I feel bad enough about the food I already waste without intentionally buying tons of groceries that I know I won't eat. But I'm probably not the target audience for the book, and probably they weren't thinking of single people either. Probably most people who buy this book have a spouse that will eat the other half of the grapefruit and at least seven slices of bread per week, plus they have children or other family members who will eat the three or more servings of leftover pasta.

But I don't have that, and for the most part all the food cooked will be eaten by me and just me. So for lunch and dinner I'll be making maybe mac and cheese and some other pasta thing and maybe a soup and then maybe a sort of Chinese thing or maybe Mexican, and then I'll rotate leftovers until it's time to cook something else.

Okay, no six week plan for me.

I guess my husband didn't think all of this stuff out the way I did.

So, he has a book (which I didn't really look at after I found out it wasn't what I wanted), and the idea is to get rid of wheat and dairy and a few other things and see if you feel better because maybe you have an undiagnosed allergy. And then you are supposed to add healthy Omega 3s and stuff like that. It isn't much about calorie reduction and it isn't much about weight-loss, other than what would come about just because you've stopped going out for ice cream.

Anyway, in this book, there's another six week plan. And there's a shopping list for the first two weeks. So my husband prints out the shopping list, and we head for several stores and spend lots of money, mostly at Central Market, cause we went there to get a few things that I'm not sure are easily found at the places we would normally shop at. Some of what we purchased were whole grains and other dry goods, and that's fine, but we also bought fruits and vegetables and fresh herbs, etc....

We're not Martha Stewart. We don't usually buy fresh herbs, except for a lot of cilantro, which is cheap at Mexican markets, and the rare bunch of parsley, which tends to cost about twice as much as the cilantro. That day we bought cilantro and two kinds of parsley and basil and bay leaves and watercress and a couple of other things and fennel.

I have never before bought fennel. Fennel seeds, yes, but not fresh fennel. I have no idea what one does with fennel.

After having bought fresh herbs and vegetables and fruits and dry goods and fancy cooking oil and tofu and a number of other things and filled the frig so that I cannot tell that I just cleaned it out, we were about to go shopping again for meat and fish, and it seemed to me that we really had a lot of stuff already, and that it seemed like he was planning to buy a lot of meat and fish for just a week or two.

And it was then that I saw the recipes that he was going to make, which were mostly recipes for four servings, and that we did not need anywhere near that much food.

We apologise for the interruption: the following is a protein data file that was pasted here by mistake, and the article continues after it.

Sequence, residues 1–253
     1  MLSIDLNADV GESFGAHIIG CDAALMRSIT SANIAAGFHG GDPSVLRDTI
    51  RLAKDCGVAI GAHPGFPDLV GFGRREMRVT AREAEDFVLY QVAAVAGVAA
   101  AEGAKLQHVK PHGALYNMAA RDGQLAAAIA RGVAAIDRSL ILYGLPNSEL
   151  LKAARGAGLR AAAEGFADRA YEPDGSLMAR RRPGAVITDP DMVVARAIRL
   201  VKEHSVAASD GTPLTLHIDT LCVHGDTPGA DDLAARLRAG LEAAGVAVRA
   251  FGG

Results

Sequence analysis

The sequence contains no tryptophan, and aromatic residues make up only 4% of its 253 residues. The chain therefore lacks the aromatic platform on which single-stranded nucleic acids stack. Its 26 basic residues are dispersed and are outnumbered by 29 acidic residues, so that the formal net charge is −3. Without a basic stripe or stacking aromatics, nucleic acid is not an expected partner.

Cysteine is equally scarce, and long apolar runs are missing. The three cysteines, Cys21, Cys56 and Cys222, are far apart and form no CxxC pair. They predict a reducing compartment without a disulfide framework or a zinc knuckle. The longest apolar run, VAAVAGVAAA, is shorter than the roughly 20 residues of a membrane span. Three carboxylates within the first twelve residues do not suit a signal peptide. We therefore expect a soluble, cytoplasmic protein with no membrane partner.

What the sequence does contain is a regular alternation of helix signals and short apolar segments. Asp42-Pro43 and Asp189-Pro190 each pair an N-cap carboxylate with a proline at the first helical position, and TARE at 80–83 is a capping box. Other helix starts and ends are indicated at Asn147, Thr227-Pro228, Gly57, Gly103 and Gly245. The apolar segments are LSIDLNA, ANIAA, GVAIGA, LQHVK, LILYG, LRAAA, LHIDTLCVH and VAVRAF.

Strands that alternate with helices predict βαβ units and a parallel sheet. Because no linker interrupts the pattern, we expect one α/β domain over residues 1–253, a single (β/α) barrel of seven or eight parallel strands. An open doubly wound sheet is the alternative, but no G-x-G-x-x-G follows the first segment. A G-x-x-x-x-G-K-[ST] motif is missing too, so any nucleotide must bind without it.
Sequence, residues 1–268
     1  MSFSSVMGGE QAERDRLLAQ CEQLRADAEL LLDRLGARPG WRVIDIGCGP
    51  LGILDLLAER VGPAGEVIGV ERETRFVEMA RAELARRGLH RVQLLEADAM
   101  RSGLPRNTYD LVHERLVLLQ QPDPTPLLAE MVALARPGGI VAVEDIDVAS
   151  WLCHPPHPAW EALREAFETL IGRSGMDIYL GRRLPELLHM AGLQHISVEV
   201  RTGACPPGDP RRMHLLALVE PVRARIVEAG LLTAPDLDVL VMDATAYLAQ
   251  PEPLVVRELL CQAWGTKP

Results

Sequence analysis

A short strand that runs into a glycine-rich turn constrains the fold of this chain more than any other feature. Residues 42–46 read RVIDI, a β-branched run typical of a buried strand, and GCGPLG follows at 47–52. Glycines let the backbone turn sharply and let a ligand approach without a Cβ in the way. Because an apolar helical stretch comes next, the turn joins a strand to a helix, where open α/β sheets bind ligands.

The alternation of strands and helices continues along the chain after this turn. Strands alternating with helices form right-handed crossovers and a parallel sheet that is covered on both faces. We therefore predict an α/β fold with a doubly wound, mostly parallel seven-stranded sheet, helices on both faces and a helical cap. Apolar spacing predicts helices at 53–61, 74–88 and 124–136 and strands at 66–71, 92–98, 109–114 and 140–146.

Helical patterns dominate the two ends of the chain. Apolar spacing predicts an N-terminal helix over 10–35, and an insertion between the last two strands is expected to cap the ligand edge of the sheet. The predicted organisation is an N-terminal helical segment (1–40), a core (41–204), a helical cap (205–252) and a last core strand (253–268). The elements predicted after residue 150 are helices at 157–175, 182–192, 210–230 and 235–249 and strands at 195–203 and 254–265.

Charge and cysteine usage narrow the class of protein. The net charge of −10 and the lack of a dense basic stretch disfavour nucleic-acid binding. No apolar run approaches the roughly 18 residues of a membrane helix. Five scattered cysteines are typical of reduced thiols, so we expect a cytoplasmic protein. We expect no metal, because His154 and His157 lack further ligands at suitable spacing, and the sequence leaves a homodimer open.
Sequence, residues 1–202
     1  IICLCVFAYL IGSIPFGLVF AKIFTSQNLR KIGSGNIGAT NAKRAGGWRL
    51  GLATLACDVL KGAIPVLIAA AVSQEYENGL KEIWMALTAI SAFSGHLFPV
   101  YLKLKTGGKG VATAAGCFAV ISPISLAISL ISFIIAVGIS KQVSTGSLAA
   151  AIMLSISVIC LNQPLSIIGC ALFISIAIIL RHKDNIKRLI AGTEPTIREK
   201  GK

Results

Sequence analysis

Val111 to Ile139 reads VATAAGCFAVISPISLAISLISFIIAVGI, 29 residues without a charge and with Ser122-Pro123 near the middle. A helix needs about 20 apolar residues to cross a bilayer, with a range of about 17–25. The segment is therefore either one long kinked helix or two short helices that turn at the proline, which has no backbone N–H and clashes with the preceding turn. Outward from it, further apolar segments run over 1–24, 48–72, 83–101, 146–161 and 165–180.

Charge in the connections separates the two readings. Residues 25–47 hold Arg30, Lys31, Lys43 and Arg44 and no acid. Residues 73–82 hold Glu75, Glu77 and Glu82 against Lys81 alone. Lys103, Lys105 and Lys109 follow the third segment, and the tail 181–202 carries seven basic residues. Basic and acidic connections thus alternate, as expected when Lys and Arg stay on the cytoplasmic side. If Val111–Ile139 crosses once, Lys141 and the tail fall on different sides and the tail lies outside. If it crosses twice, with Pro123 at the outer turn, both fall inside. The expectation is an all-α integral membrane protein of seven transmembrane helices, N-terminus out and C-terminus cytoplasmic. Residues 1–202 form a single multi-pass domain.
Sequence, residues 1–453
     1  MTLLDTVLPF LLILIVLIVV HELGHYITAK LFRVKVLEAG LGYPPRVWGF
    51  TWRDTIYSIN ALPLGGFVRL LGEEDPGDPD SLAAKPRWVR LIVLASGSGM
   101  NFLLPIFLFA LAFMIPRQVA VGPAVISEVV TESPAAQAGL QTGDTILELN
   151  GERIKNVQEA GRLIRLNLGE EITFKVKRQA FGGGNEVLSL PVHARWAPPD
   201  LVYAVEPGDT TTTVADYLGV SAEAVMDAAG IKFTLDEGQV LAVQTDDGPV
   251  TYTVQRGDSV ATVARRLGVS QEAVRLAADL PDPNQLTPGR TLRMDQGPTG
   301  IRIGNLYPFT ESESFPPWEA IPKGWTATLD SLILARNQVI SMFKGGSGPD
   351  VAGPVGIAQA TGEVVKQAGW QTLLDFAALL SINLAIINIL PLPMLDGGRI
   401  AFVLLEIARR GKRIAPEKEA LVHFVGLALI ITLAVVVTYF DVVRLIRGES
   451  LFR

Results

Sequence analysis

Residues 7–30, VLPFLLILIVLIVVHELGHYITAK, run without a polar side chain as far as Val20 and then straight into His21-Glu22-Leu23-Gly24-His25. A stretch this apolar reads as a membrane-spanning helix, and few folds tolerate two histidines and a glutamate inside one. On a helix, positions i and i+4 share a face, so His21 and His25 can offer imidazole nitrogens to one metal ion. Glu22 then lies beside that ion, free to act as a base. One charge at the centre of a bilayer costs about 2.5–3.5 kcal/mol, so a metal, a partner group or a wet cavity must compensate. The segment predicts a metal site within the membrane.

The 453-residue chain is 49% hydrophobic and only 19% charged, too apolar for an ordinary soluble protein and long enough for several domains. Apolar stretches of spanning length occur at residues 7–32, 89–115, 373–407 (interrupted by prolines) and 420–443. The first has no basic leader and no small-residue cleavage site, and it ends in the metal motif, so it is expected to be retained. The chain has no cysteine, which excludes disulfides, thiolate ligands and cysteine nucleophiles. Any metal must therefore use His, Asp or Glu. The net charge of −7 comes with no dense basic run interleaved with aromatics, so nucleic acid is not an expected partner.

Lets do the math again.

If you are one person, and you need breakfast and lunch and dinner, that's three meals a day, which would be twenty-one meals per week, or forty-two meals for two weeks. If you make recipes that are four servings, and you make a different one each meal, that's twelve servings a day, and if you make different things everyday, that's eighty-four servings per week.

So he was buying everything on the two week list, which would have made about one hundred and sixty-eight servings.

And he wasn't even going to be home for the second week, so I don't know why he was buying that food at all.

And in addition to the extra servings there's that whole thing about the wasted half grapefruit and most of the loaf of bread. Not that he bought either of those things, but he did buy that fennel, which cost four dollars, and you only use a fifth of it in one recipe.

At least I caught on in time to not have a frig full of rotting meat. But we do have watercress going limp, and pears going mushy, and then he bought sprouts and other things to take with him, which he forgot and left in the frig.

It was a big hassle getting him off to work for the week. It is always a bit of a hassle, but we've gotten used to it. And if you forget anything you can always buy something while you're away. Except, if you're on a diet, you aren't supposed to eat out and on this diet he isn't supposed to eat wheat or dairy, so no stopping at fast food places, not even Subway, and he can't even buy a loaf of bread. So I'm trying to get him to think about what he needs to take with him, to cook things ahead of time and such, and he just drags his feet. This isn't the fun cooking that he likes to do, and he waits til the last minute to do it.

I'm still finding food in the house that I think I should get rid of, but I don't want to until I know if he's only going to do this for six weeks or if this is going to be a long-term thing. I hate to throw out food that we could eat after the six weeks are up, cause we'll just have to go out and buy more stuff anyway. If I stick to my little project, I think it would be a minimum of five months, but probably longer. We'll just have to wait and see if I can handle that.


Absurdist said...

Sweetie, I think that you may even be giving some of us women more credit than is due.

Had I a two week shopping list, I think I probably would have forgotten to parse it out into servings, and realized certain things.

Course, I was raised by heathen men who couldn't cook.

The microwave is too much for me. It better come ready to go out of the package.

Cheese is my best friend.


dmarks said...

We are popping those Omega pills just about every day.

Yeah, it's a stereotype about men and cooking. But it's rather true in my experience too, unfortunately. Especially the barbecue, and bacon, and all that.

That is, when we don't have to brush two feet of snow off of the BBQ when we want to

Ananda girl said...

I think in general that is true that most men do not learn to cook more than a few things or are regulated to the grilling. My dad was certainly like that until my mom died and then he discovered he enjoyed cooking new recipes.

My X couldn't cook much either, but Randy is really a great cook. But then, his mom worked nights as a kid and so his dad cooked. I guess it depends on what your family did.